(I originally wrote so much more, but decided why bother. The people who do it aren't ever going to see the side of the people who feel deceived by it. It just doesn't mean anything to them.)
It's no more deception for profit than using a male pen name to write military sci-fi or a female pen name to write romance. Unless the author uses the pen/persona in some other way - to elicit information from readers they wouldn't otherwise give, to ask for donations, etc., there is no harm to the reader. You either enjoy the book you buy or you don't, same as it would be with any other writer's. It's just branding. Companies do this all the time - releasing products under a spin-off company or label with different branding and advertising so it will sell better.
 

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KelliWolfe said:
It's no more deception for profit than using a male pen name to write military sci-fi or a female pen name to write romance. Unless the author uses the pen/persona in some other way - to elicit information from readers they wouldn't otherwise give, to ask for donations, etc., there is no harm to the reader. You either enjoy the book you buy or you don't, same as it would be with any other writer's. It's just branding. Companies do this all the time - releasing products under a spin-off company or label with different branding and advertising so it will sell better.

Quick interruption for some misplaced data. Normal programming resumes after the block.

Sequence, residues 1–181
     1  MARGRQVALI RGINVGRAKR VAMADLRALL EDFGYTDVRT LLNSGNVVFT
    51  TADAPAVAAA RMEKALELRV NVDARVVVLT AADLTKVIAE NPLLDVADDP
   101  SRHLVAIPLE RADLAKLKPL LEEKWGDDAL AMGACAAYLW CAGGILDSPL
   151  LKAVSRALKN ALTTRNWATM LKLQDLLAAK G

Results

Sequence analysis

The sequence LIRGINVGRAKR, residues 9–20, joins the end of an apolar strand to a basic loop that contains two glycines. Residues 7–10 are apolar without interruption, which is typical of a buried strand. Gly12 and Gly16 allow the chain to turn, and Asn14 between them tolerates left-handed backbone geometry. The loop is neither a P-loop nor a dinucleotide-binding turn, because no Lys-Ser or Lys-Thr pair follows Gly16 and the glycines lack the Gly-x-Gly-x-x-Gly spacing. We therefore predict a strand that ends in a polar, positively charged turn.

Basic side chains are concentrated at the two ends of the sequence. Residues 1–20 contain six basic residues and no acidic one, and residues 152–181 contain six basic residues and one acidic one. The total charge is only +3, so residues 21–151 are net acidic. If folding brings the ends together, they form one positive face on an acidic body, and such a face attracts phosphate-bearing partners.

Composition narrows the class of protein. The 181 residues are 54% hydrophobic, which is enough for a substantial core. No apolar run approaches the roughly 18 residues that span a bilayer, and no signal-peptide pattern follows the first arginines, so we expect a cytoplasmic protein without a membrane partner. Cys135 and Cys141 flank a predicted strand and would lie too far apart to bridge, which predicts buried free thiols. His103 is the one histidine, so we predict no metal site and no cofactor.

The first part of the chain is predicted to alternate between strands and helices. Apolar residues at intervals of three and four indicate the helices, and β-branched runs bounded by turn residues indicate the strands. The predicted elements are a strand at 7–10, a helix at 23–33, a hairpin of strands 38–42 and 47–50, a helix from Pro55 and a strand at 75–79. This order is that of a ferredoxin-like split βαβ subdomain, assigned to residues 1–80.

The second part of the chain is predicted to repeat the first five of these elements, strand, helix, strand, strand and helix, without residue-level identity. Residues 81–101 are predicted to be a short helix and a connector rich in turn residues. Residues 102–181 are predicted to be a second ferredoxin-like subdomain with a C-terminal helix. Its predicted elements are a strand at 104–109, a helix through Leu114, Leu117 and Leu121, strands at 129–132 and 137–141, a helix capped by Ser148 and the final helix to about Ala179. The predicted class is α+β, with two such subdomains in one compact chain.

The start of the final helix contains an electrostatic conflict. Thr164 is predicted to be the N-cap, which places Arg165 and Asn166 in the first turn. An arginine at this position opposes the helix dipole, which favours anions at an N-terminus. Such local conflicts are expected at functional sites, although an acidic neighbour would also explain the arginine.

She's talking about personas, not pen names per se. Big, big difference.

My own test--would my readers care if they knew? Or, to go back to my gold standard--how would I feel if the truth were published in my hometown newspaper? If my kids knew? If my friends knew? If my mom knew?

Or, if you're just focused on profit, you can stick with, "would my readers care if they knew?" In romance, at least feel-good romance--you bet. They are interacting with you via your newsletter, via social media, because they feel a connection based on what you write. If I didn't actually have gardens, baby chicks, a sick sister, it would be a huge betrayal, because I write feel-good romance about honorable people. My characters would seem cynically created, and my readers would feel like rubes. They'd feel cheated and lied to. They have given me a wonderful career. What kind of ingrate would I be to betray them like that?

Everyone will choose for themselves. Perhaps if you write abuse romance, or thrillers of the more conspiratorial sort, your readers will be more cynical. Mine are looking for a cynicism-free zone, and so am I, so that's the path I follow. I know and they know that real life is full of liars. That's why I write books where good guys win.